print(f"Number of clusters found: {n_clusters_}")

# Plot the results
plt.scatter(X[:, 0], X[:, 1], c=labels, cmap='viridis')
plt.title('Affinity Propagation Clustering')
plt.xlabel('Feature 1')
plt.ylabel('Feature 2')
plt.show()

In the code, an AffinityPropagation object is created with the preference parameter set to -50 and the random seed random_state set to 0. The Affinity Propagation algorithm is then trained on data X using the fit(X) method.

After training the model, the data instances are labeled with the assigned clusters. The centroid indices of the identified clusters are extracted via af.cluster_centers_indexes_. The cluster labels assigned to each data instance are obtained via af.labels_.

The preference value set to -50 influences the selection of the initial centroids, indirectly influencing the number of identified clusters. Since the preference parameter is negative, a more restrictive selection of initial centroids is favored, which could lead to a lower number of clusters compared to the default configuration.

The number of clusters found is printed on the screen to provide an indication of the clustering result. Viewing the scatter plot provides further understanding of the data distribution and identified clusters.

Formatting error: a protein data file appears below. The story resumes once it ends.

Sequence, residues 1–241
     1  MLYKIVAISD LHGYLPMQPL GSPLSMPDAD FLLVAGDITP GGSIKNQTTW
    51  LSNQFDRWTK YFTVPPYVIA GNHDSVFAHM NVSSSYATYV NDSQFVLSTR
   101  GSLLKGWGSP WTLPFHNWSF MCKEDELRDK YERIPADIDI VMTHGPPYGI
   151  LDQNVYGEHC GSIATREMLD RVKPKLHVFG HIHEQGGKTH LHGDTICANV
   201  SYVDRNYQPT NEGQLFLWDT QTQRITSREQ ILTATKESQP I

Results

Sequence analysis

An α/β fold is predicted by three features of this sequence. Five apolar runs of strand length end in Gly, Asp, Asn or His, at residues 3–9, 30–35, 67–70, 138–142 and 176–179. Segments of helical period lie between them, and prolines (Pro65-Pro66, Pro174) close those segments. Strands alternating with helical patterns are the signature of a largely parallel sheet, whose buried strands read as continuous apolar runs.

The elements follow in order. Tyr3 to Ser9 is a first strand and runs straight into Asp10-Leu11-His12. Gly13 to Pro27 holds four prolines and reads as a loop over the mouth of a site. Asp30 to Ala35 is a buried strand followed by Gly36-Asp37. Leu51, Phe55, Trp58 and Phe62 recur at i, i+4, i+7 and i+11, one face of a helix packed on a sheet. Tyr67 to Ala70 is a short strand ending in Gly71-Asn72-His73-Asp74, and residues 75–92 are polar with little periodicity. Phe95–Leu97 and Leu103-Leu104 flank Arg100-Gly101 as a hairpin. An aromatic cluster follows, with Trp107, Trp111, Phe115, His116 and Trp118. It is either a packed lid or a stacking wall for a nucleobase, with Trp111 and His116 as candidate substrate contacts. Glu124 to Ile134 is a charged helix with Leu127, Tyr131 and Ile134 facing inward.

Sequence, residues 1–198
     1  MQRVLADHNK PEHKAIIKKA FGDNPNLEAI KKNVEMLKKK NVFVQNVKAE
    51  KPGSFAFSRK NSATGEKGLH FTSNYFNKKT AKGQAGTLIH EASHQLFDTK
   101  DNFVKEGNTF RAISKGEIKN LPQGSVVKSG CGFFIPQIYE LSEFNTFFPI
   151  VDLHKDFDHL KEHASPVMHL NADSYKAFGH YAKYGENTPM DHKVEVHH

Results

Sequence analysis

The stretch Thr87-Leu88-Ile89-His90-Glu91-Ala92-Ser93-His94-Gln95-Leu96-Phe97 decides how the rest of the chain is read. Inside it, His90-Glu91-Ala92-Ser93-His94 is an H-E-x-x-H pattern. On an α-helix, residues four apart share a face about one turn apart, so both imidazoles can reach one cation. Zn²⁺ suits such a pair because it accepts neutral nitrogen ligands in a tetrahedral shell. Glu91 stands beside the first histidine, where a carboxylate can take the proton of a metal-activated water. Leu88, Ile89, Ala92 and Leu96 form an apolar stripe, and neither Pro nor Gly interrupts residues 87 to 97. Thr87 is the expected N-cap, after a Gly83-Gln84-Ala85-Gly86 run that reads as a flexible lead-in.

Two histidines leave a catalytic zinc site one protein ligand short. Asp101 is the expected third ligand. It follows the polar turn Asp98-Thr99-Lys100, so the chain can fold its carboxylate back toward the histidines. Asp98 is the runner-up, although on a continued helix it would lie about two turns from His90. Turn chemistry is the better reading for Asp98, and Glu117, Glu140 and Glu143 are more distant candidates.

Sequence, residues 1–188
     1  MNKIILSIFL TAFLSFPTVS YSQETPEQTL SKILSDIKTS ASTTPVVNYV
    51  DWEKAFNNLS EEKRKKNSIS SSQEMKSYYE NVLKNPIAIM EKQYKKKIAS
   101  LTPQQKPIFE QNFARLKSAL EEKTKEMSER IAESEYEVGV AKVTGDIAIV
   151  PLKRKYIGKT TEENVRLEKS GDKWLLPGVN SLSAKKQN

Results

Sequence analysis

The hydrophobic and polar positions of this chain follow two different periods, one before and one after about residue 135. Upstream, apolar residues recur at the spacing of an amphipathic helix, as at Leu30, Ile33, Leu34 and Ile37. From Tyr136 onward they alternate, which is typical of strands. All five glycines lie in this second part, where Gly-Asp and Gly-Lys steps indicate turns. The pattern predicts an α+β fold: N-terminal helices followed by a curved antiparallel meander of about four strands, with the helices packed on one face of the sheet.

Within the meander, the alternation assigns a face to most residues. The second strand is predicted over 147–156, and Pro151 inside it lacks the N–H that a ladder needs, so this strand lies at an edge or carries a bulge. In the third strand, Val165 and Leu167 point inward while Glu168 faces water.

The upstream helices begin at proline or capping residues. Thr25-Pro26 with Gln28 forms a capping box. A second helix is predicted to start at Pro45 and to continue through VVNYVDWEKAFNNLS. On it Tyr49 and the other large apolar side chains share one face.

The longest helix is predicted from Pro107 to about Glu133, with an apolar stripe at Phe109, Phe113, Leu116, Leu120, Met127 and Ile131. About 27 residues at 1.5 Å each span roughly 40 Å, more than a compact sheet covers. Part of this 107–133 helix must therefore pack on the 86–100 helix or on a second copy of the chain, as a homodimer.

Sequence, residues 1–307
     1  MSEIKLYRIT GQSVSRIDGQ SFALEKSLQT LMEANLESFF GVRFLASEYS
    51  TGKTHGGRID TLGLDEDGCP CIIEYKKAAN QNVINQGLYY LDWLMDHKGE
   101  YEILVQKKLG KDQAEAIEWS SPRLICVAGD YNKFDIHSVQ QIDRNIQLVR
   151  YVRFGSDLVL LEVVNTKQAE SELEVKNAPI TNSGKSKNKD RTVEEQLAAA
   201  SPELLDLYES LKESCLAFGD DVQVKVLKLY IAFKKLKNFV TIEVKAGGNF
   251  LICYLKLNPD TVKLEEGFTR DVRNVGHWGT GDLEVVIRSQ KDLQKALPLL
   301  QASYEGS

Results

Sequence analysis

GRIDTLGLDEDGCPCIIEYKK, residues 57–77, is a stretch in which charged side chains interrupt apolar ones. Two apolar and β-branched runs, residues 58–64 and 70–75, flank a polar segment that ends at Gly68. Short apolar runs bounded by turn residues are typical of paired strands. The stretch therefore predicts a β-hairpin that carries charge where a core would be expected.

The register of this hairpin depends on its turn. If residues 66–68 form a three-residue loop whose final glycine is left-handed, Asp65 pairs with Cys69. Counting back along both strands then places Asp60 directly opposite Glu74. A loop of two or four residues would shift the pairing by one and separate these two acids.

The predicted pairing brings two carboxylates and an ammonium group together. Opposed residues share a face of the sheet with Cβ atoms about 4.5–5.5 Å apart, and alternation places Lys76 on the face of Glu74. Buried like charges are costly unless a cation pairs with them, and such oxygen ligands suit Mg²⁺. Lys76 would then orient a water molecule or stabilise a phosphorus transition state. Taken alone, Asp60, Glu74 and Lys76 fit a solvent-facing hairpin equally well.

Executing this results:

## Evaluation of the results obtained from Affinity Propagation

To evaluate the validity of the clustering obtained with the Affinity Propagation algorithm, we can use the silhouette coefficient. The silhouette coefficient measures how similar each data point is to its assigned cluster compared to other clusters. A high value of the silhouette coefficient indicates that the points are well clustered, while a low value indicates that the points may have been incorrectly assigned to a cluster.

Here’s how to calculate the silhouette coefficient in your example:

from sklearn.metrics import silhouette_score

# Calculate the silhouette score
silhouette_avg = silhouette_score(X, labels)
print(f"Average silhouette score: {silhouette_avg}")

The average silhouette coefficient is a value between -1 and 1, where:

• A value close to 1 indicates that the samples have been correctly assigned to their clusters and that the clusters are well separated.
• A value close to 0 indicates that clusters may overlap.
• A negative value indicates that samples may have been assigned to the wrong clusters.

Executing we get the following result